The reefs are designed so that precise navigating and anchoring are not necessary. Most reef sites are built as “drift fishing areas,” where pieces of concrete, pipe or Reef Balls (specially designed fish habitats) are dispersed on the sea floor, thus spreading out both fish and anglers. Anglers only catch fish when their boat happens to drift over a small piece of structure. The concept is to give the fish a chance and provide moderate catch rates over the entire fishing season so that the maximum number of people have the opportunity to catch a few fish. The reefs are not designed to sustain large harvests by highly efficient commercial fishing gear.

We found reefs to be very productive marine habitats, holding over 150 species of fish and marine life. A ten-year study found 15 juvenile (cricket-sized) lobster and over 100 young-of-the-year fish per square yard of reef structure. So far, the State has created 4.1 million square yards of reef. Multiply that figure times the densities of baby fish and lobster to calculate how effective the reefs really are in producing marine life.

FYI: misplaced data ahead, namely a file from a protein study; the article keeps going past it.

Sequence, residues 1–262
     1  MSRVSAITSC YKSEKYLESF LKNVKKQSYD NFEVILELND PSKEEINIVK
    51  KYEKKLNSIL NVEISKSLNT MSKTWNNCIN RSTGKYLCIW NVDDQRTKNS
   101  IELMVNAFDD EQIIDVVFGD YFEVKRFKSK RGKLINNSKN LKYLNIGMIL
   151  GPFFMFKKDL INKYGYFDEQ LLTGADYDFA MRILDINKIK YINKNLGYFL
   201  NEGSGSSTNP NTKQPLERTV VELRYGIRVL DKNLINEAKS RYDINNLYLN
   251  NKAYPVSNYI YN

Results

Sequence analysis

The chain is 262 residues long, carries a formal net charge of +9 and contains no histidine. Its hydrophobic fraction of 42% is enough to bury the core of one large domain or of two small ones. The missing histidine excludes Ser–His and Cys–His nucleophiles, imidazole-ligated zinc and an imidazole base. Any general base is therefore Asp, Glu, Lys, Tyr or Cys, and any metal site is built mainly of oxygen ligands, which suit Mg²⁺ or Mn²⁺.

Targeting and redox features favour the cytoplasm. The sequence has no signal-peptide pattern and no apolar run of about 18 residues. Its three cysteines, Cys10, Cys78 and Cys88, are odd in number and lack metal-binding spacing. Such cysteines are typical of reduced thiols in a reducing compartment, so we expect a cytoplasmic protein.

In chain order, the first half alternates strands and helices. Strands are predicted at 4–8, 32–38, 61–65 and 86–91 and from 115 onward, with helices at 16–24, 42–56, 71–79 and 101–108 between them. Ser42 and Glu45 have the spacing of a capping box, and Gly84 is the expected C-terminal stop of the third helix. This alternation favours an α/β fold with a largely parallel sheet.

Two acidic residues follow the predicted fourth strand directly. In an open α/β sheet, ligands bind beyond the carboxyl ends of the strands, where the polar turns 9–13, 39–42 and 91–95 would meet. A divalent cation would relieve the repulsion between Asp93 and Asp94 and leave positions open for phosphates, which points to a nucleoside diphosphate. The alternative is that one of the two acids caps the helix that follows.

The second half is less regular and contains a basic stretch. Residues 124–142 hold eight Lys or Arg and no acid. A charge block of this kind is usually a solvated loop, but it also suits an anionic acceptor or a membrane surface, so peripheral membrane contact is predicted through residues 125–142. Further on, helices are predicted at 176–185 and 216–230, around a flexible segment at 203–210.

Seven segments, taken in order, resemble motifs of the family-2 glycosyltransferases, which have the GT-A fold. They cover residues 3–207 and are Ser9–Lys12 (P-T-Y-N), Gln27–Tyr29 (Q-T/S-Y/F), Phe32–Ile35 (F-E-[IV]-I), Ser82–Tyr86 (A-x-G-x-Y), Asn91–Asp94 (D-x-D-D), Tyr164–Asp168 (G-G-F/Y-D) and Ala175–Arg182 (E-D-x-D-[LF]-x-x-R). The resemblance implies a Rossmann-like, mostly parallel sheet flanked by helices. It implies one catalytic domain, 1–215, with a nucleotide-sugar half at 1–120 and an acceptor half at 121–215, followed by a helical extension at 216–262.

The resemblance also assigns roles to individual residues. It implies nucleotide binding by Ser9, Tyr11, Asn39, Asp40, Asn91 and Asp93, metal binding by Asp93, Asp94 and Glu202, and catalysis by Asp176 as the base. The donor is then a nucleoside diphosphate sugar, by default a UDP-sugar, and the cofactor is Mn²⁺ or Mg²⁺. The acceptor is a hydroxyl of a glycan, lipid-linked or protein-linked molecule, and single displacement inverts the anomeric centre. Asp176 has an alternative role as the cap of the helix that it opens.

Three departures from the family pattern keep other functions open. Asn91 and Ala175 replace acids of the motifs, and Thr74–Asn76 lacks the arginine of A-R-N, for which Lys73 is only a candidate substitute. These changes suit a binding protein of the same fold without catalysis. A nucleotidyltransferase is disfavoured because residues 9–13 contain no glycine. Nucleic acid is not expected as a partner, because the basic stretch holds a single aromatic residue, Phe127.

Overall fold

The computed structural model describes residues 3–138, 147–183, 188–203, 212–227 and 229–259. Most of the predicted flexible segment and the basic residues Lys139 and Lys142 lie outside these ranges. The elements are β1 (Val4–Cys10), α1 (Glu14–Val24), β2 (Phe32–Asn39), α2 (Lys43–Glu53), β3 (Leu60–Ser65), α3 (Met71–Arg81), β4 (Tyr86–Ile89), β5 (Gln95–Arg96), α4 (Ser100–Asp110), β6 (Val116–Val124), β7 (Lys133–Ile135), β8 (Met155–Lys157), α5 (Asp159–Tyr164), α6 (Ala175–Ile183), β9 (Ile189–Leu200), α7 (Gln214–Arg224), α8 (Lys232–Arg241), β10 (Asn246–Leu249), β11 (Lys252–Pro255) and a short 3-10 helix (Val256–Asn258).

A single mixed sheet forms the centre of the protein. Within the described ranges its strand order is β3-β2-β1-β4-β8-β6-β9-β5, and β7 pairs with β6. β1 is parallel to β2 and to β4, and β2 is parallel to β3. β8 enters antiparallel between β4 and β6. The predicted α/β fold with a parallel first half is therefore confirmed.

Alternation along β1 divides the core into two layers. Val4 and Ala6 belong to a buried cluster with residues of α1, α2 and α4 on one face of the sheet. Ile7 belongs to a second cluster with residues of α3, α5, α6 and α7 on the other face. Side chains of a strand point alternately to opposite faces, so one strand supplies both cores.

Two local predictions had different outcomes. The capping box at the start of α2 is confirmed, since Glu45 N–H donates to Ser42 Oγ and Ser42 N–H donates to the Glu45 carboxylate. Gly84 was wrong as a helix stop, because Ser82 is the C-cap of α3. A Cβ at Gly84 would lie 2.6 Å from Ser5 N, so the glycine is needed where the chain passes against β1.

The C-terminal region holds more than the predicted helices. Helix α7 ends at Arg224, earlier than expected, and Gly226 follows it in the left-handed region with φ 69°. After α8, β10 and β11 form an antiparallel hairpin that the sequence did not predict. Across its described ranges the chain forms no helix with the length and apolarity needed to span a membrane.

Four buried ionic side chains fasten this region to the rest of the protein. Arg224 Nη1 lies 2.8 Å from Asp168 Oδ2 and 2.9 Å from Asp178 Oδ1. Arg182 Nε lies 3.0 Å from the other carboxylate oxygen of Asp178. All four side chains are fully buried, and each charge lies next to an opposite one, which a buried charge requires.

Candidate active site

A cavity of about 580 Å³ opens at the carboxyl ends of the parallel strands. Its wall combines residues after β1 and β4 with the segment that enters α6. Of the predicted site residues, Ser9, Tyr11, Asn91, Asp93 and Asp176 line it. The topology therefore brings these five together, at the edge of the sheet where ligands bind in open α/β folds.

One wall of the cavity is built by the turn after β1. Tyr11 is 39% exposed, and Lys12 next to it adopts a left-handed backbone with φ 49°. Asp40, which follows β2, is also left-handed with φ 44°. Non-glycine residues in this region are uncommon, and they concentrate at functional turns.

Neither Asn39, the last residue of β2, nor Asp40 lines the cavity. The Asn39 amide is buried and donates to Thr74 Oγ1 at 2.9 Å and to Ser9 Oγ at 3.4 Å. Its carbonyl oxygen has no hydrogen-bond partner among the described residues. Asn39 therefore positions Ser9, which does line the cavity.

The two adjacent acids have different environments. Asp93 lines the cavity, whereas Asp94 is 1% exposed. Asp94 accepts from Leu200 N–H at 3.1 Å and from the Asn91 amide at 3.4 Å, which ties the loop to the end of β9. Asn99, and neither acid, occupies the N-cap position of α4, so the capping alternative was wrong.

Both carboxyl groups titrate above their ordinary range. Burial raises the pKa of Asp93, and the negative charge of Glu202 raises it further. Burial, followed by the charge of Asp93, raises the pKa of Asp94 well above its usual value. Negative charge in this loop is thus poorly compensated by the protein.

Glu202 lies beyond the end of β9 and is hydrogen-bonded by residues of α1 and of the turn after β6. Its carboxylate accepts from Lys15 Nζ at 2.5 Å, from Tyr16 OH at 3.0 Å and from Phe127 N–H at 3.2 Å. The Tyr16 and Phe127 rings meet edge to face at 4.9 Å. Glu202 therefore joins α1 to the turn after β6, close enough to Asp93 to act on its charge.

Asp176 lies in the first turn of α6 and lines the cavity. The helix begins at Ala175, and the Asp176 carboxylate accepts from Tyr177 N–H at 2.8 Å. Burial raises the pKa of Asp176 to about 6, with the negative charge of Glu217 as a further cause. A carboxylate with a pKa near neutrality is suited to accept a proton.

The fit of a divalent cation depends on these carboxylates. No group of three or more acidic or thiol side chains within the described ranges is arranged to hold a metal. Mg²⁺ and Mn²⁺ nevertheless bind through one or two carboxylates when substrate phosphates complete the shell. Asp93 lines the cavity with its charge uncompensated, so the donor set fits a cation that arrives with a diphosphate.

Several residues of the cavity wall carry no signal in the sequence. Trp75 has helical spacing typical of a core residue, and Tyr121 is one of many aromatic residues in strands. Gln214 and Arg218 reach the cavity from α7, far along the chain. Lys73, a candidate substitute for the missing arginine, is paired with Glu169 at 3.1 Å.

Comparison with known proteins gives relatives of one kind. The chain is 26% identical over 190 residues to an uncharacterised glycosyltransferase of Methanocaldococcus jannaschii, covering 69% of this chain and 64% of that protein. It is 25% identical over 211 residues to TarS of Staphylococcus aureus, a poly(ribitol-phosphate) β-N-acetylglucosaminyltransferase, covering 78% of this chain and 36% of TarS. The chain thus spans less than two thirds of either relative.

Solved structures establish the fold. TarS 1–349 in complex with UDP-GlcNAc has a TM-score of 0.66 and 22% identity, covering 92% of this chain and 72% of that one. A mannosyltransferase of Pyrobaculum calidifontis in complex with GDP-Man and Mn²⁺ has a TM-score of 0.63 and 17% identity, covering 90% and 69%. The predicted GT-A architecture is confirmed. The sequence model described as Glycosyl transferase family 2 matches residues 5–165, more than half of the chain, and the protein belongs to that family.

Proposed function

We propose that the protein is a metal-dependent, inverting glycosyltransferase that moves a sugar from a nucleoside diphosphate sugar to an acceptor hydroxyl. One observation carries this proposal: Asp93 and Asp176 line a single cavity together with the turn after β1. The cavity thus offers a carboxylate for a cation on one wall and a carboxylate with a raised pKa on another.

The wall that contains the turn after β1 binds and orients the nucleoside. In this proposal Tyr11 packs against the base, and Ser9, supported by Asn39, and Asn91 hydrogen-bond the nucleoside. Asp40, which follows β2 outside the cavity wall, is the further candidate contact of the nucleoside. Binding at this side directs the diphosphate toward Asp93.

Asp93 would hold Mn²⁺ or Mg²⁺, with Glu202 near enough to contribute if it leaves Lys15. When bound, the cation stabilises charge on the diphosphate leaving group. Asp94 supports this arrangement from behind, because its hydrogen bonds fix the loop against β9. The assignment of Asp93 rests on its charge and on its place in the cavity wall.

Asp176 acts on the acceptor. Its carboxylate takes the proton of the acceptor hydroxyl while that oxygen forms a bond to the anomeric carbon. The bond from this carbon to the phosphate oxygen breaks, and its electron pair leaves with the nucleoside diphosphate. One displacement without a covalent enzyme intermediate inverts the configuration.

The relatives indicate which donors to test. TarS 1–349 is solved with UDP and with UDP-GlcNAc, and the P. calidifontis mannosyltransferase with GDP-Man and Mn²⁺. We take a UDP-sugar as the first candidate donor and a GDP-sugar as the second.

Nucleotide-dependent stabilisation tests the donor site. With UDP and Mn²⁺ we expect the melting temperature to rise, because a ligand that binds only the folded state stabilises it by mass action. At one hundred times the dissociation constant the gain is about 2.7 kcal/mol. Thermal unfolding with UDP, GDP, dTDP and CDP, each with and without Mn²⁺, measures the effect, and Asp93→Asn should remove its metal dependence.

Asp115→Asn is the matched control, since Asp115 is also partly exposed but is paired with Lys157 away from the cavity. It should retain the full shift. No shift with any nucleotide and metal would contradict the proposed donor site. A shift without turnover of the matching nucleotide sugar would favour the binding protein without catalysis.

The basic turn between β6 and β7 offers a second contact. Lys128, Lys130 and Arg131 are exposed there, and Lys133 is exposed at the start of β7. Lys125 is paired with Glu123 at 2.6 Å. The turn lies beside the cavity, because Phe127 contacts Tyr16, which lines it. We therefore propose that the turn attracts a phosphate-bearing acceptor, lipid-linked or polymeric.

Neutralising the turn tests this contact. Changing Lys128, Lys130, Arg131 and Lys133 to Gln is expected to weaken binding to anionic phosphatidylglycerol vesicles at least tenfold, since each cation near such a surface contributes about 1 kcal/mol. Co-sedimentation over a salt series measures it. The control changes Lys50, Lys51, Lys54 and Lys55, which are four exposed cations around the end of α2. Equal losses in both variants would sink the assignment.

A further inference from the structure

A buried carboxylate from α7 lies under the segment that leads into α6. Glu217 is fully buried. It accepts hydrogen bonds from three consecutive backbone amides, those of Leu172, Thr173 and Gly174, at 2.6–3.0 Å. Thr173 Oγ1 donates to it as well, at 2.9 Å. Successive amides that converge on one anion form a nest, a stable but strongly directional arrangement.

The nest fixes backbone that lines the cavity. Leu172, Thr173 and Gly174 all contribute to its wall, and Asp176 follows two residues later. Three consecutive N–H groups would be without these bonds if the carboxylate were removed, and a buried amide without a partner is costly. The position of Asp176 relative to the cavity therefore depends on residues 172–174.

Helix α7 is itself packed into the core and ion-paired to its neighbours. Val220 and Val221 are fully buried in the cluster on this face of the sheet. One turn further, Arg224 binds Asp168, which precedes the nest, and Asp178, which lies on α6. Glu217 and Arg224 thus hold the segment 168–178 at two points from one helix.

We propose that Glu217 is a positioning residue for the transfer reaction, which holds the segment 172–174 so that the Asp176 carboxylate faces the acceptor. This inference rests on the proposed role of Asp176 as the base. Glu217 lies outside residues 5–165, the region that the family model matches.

A small number of fishermen are setting hundreds of traps on reef sites. They set their traps on long submerged lines and then leave for a week before returning to check them. The traps are usually left on the reefs for months at a time. The unattended trap lines snag anglers’ hooks and anchors and even interfere when the state tries to put down more reef material on the site. Anglers don’t catch lobster and since both lobster and fish move off the reefs, traps do not have to be set on reef sites to catch them.

Commercial trap fishermen hold special permits granted by state and federal governments that grant them exclusive rights to set traps on 8,000 square miles of the sea floor off New Jersey. If you want to enter their fishery, you have to buy a permit from one of them --- the government won’t sell you one. Reef sites occupy 0.3 % of this area. Is it really unfair for this small amount of sea floor to be set aside for public angling and diving? Florida, Georgia, South Carolina, Virginia and New York have already designated their reefs “hook and line and spear only.” Commercial fishermen are welcome to use reefs, but they should have to use hook and line.

The reefs were designed to be like public parks, open to everyone, as long as their activities conform to those for which the park was intended. In the case of the State’s reefs it is for angling and diving. So, grab a rod and reel or some tanks and fins and come out and enjoy New Jersey’s public reef resource. Sincerely, Bill Figley